The Elwood school board, trying to determine what to do about embattled Superintendent Casey Smitherman, has scheduled an executive session followed by a public meeting Friday evening.
The board's primary objective should be to make a decision that best serves students and the community.
On Jan. 9, Smitherman went to the home of a 15-year-old student who had not shown up for school. She took him out to eat and to get a haircut. He was showing signs of strep throat, so she took him to two medical clinics to seek diagnosis and treatment.
Smitherman is in trouble because she made at least four serious errors in judgment Jan. 9:
• Error 1: She didn't get permission from the boy's guardian or parents to take him from the house, cart him around town and seek medical care for him.
• Error 2: The superintendent was alone with the teen in a car, a major no-no for school staff and administrators.
• Error 3: She committed fraud by claiming that the boy was her son so that she could use her health insurance to defray the $233 bill for the clinic's care and antibiotics.
• Error 4: She didn't report her suspicion that the boy was suffering from neglect. School staff and others who come into contact with youth through their jobs are required by state law to report such suspicion.
Smitherman turned herself in to Elwood police Jan. 17, after the boy began telling others about the doctor's visit.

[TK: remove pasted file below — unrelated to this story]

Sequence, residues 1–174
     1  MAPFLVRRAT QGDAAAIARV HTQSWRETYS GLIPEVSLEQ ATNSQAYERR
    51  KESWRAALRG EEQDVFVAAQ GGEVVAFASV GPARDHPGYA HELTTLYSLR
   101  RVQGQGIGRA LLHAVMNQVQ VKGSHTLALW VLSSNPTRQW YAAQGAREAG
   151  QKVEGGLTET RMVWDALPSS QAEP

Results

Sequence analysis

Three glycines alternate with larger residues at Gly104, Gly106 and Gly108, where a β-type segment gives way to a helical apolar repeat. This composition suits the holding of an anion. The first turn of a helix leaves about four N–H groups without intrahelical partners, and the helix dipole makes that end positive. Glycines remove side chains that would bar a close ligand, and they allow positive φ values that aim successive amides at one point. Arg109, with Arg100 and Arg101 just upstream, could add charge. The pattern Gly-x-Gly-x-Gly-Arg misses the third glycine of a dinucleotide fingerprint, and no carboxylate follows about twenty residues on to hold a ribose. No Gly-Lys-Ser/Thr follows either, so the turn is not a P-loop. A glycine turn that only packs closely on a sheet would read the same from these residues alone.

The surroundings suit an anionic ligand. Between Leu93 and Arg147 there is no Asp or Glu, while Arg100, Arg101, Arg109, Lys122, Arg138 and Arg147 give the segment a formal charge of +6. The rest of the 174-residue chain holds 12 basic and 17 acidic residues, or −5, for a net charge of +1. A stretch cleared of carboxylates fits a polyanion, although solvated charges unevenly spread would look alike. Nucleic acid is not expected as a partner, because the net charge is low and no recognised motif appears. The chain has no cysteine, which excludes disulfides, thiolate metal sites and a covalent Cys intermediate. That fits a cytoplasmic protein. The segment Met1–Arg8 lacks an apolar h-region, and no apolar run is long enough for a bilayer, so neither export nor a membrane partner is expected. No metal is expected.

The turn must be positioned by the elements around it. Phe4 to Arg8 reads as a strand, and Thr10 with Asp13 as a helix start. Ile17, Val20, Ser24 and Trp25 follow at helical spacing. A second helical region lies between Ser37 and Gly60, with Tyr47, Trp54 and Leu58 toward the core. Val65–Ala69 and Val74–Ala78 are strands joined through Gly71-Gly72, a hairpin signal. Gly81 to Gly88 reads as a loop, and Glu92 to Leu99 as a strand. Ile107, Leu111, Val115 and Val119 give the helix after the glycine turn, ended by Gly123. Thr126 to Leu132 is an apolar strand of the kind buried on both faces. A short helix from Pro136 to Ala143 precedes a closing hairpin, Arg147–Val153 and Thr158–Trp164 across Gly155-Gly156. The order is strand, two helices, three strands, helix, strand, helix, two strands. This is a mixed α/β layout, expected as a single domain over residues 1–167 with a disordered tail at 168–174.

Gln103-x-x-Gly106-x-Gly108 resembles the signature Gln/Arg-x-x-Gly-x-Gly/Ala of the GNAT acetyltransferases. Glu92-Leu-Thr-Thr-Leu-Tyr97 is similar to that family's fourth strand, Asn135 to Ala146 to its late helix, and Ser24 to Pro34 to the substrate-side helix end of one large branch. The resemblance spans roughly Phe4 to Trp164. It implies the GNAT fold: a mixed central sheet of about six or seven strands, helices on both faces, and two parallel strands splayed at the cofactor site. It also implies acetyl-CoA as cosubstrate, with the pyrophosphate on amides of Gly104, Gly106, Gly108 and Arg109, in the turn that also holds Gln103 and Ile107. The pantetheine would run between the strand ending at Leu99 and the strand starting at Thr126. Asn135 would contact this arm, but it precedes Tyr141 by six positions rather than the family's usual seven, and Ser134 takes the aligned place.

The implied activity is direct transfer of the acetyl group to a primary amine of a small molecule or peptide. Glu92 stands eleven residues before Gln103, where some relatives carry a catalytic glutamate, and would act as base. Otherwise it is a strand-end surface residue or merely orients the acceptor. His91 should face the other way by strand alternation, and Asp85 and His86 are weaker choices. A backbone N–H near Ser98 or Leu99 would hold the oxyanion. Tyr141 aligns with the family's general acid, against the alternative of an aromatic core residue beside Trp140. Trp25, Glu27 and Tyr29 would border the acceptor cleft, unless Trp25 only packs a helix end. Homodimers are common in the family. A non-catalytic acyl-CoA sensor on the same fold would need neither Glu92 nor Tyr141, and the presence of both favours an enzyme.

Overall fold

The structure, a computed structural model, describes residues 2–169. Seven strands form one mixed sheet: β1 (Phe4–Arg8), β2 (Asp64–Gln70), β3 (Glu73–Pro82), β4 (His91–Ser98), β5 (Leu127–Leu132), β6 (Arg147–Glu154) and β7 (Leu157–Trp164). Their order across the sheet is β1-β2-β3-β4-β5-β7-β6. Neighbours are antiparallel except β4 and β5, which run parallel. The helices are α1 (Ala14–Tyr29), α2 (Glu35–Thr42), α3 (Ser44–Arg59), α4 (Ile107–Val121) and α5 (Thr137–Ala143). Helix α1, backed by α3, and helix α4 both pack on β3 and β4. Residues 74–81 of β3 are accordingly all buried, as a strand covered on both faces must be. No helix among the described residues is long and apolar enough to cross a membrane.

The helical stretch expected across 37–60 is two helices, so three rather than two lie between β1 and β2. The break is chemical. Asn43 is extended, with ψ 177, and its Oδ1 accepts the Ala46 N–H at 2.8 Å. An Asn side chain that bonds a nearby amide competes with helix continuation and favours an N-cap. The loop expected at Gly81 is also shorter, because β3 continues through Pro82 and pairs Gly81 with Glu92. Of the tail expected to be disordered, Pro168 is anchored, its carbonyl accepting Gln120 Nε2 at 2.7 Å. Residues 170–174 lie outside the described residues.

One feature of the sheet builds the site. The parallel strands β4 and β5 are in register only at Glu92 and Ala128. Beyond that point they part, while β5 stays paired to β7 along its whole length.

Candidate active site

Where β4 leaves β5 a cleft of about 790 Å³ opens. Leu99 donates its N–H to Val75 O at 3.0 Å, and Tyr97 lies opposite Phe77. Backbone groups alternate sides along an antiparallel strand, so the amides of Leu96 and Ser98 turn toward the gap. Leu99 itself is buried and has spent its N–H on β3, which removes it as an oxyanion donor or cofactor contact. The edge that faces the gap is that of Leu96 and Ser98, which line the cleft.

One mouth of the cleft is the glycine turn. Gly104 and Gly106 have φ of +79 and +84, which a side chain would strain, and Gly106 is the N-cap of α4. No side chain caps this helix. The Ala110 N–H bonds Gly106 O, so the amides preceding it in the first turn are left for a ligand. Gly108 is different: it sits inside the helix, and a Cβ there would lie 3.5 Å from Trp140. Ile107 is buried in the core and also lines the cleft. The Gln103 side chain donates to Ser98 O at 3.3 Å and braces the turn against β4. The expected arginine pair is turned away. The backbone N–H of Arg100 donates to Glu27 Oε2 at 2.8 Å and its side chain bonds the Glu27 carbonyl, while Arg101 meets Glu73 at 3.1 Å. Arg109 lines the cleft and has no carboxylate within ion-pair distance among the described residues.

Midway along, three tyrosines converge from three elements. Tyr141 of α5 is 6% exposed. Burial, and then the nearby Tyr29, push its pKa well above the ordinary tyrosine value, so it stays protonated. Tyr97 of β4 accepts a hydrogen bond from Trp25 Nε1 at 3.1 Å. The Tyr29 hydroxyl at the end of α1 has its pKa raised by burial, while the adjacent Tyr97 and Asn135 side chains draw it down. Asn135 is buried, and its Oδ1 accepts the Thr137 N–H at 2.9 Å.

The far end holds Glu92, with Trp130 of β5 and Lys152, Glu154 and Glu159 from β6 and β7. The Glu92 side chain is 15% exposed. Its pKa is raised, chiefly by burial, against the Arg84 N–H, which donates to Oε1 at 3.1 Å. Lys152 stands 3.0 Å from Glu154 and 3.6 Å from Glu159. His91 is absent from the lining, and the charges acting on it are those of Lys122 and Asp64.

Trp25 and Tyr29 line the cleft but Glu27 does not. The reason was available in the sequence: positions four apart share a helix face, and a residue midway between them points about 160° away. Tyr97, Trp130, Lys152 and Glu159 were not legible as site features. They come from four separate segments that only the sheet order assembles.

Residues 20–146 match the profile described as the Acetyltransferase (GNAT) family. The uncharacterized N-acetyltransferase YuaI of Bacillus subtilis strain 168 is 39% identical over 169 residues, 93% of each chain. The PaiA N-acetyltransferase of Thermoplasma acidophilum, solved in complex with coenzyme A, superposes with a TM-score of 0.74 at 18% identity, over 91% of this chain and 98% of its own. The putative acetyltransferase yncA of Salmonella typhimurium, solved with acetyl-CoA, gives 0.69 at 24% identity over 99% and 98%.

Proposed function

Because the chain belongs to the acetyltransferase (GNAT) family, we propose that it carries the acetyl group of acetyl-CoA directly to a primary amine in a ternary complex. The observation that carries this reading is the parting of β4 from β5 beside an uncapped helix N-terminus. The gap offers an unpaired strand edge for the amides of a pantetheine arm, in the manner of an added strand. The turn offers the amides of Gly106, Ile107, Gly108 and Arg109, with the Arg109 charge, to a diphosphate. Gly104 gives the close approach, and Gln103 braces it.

Criminal charges against her have been dismissed, provided she doesn't get arrested during the next 12 months.
The superintendent has said she has no romantic relationship with the teen and that she simply has sympathy for students who need help.
She said she had previously provided clothing and had cleaned the house where the boy lives. In other cases, she provided a bed for a student and toiletries for another, Smitherman said.
After news of her arrest broke, social media response was mostly supportive. Naturally, people applauded her for helping a sick kid.
But she did it the wrong way. She could have used Elwood schools' telehealth system to seek medical attention for the boy.
Smitherman compounded that mistake by committing fraud instead of paying for the boy's care out of her own pocket.
The job of a superintendent is to oversee the entire district, ensuring that tax dollars are used wisely and students are served in the best possible manner.
While a superintendent might recognize that a specific student needs assistance, her role is to call upon existing resources to provide that help, not make it a personal mission.
Before the Jan. 9 incident, Smitherman had already upset some school staff and other stakeholders by reassigning a popular high school principal and disciplining teachers.
The school board stood by her through those controversies. The decision to be made now should be based on Smitherman's actions Jan. 9. (And any related information the board learns.)
Smitherman, 48, is in her first year as a superintendent, and you might expect her to make some mistakes of inexperience. But the litany of her judgment lapses Jan. 9 goes beyond inexperience, suggesting a wanton disregard for the rules and a profound misunderstanding of her job responsibilities.
Now the board must decide whether she is the right person to provide the leadership Elwood schools need and students deserve.